When you make your list, check it twice and shop for gifts this holiday season, think local. Celebrate the great foods and food-related things that are made, produced, grown and available in Central New York.
We’ve done some browsing and pre-shopping for you. For the food lovers and cooks on your list, local options abound:
Primo and Mary’s Salsa. Primo and Mary’s, based in Cazenovia, is a maker of premium corn and black bean salsa, available in medium and mild. The salsa recipes were developed by Cazenovia resident Tina Conte McPherson, who inherited her love for food and cooking from her family and named her company and salsa line for her great-grandfather (Primo) and her great-aunt (Mary), pictured on the label. Enjoy the salsa with tortilla chips or in recipes like low-fat turkey chili. Bring a jar to a holiday party and watch it disappear. The price is about $5 a jar. Available at Natur-Tyme and other stores in Central New York.
Turkey Joints. They’re a holiday tradition in the Utica-Rome area. For those who have never had them, they’re a conversation piece, as well as a tasty treat. Original Turkey Joints are a crunchy, handmade hard candy with a silvery sheen and “marrow,” or filling, made with chocolate and Brazil nuts. Turkey Joints cost about $20 a jar and are available at some Wegmans and Price Chopper stores. You can also pick them up at 321 N. Doxtator St., Rome, or purchase them online HERE
Fruition Seeds. Know your farmer, know your food. That’s your mantra when you go to the farmers market. Share the gift of seeds with friends and family members who garden and eat local. Fruition Seeds, based in Naples (Ontario County), offers organic, regionally adapted seeds from farms and farmers in the Northeast. Each seed pack ($4 plus shipping) notes the farm where the seeds originated and includes instructions for saving seeds. Offerings include a wide selection of vegetables, herbs and flowers. For information, call (585) 300-0699.
Mad Fellows Laboratory Bitters. Bartenders and cocktail connoisseurs are adding a dash of local, artisanal bitters to their creations thanks to Mad Fellows Laboratory Bitters. The bitters cost $12 to $15 for a 4-ounce bottle and are available in flavors such as cherry, ginger, sarsaparilla, lemon, grapefruit and others. They’re the creation of Jeremy Hammill, bar manager at the Scotch ’N Sirloin, and Scott Murray, whiskey expert at Pascale’s Liquor Square. Find the bitters at the bar at the Scotch ‘N Sirloin, at Al’s Wine and Whiskey Lounge, bc and Small Plates in Armory Square and online.
For more information, email: firstname.lastname@example.org.
Hercules Candy Canes. Think a candy cane is just a candy cane? Think again. Old-fashioned, handmade candy canes (89 cents each) are the specialty of the house at Hercules Candy Co., 209 W. Heman St., East Syracuse. Shop early for peppermint, spearmint and wintergreen flavors or surprise your kids or Kris Kringle with root beer and fruit-flavored candy canes. The Andrianos family also makes old-fashioned ribbon candy, peanut brittle and a wide variety of chocolate and filled chocolate candies. Watch candy canes being made by hand at the annual Candy Cane Open House at Hercules, Saturday, Nov. 30, 10 a.m. to 4 p.m. Call 463-4339.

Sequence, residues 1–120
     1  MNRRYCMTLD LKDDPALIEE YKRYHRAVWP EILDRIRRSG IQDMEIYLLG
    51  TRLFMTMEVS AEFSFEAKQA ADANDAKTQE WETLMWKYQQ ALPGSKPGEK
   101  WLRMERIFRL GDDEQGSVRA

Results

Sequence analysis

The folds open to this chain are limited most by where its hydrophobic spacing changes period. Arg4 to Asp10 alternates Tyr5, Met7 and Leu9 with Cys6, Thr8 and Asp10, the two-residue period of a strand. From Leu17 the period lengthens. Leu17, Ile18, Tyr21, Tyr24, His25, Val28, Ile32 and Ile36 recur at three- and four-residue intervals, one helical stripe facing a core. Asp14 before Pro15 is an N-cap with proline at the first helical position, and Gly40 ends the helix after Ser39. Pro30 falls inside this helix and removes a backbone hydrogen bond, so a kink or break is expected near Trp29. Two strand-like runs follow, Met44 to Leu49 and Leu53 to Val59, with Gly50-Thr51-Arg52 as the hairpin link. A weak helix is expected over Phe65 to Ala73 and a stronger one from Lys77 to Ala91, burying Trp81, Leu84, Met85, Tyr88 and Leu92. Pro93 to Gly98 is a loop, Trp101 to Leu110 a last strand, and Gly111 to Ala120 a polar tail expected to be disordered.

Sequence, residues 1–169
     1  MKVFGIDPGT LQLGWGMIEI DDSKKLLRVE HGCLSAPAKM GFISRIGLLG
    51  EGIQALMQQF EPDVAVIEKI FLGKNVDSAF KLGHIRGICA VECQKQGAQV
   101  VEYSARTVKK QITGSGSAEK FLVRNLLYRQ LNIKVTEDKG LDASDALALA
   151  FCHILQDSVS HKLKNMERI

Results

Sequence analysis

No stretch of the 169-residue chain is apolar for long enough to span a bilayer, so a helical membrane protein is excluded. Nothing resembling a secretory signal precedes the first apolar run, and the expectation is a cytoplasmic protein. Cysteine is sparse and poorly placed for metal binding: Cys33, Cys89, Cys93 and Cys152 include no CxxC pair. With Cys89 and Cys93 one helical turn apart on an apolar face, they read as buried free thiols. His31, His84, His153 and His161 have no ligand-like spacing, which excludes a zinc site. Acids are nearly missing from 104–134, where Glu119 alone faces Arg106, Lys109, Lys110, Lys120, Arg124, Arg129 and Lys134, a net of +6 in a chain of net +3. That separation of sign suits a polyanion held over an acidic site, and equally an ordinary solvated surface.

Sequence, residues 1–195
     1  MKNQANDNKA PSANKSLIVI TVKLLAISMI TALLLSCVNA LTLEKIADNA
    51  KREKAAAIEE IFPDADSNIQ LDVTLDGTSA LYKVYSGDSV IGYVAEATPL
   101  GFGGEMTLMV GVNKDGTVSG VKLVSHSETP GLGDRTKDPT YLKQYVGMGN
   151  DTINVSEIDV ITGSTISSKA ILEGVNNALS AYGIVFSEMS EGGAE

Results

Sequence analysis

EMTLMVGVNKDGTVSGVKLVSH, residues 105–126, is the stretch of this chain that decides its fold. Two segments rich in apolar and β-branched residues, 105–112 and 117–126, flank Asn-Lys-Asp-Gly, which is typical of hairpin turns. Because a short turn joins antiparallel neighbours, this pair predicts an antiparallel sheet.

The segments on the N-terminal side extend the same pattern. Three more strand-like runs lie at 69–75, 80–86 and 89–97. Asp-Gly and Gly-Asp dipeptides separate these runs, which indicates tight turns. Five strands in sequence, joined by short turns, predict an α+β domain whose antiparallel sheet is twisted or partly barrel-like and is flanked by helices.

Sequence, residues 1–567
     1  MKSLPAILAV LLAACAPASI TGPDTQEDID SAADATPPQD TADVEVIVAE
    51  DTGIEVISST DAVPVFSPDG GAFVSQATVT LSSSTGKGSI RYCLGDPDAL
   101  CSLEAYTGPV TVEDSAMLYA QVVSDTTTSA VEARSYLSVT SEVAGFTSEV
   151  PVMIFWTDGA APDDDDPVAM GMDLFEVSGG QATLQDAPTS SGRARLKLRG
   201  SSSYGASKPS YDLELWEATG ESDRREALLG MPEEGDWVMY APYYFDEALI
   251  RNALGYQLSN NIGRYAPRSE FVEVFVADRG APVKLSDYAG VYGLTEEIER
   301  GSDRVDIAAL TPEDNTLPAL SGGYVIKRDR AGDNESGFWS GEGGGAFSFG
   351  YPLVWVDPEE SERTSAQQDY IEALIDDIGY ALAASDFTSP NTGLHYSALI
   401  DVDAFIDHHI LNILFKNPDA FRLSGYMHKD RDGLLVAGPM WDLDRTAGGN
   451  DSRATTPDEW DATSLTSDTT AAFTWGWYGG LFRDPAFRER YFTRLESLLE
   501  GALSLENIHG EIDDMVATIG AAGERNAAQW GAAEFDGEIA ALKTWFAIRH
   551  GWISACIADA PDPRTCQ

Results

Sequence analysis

Gifts in Good Taste (less than $50)
Holiday cheer. A host or hostess gift of wine is always appreciated. Make it uber-local at DeWitt’s first winery (Greenwood), Cazenovia’s and Madison County’s first winery (Owera) or Skaneateles Lake’s lone winery (Anyela’s), or all three. Or surprise someone with a bottle of surprisingly dry (and refreshing) hard cider from Harvest Moon Cidery (Critz Farms, Cazenovia) or Beak & Skiff (1911 Spirits, LaFayette).
Buy direct at the winery/ciderys; all are a short drive from Syracuse.
Greenwood Winery, 6475 Collamer Road (Route 298), East Syracuse; 399-0835.
Owera Vineyards, 5276 East Lake Road, Cazenovia; 815-4311.
Anyela’s Vineyards, 2433 West Lake Road, Skaneateles; 685-3797.
Harvest Moon Cidery (at Critz Farms), 3232 Rippleton Road (Route 13), Cazenovia; 662-3355.
1911 Spirits and Tasting Room (at Beak and Skiff, Apple Hill Campus), 2708 Lords Hill Road (Route 80), LaFayette; 677-5105.
Olive on Brooklea olive oils and vinegars. Stop into this Fayetteville tasting boutique on 205 Brooklea Drive to select a gift of premium olive oil and vinegars, and chances are good you will leave with a bottle (or two) for yourself. Owner Michelle Watts features an array of interesting and surprising flavors, such as Persian lime and cilantro and roasted onion infused olive oils and infused dark balsamic vinegars such as cinnamon pear, fig and maple. Both the oils and vinegars have many uses beyond dressings and marinades; try them drizzled over ice cream, for example. Allow yourself an hour at Olive to sample, ask questions and come up with interesting pairings. Prices range $10 and up. Call 637-2070.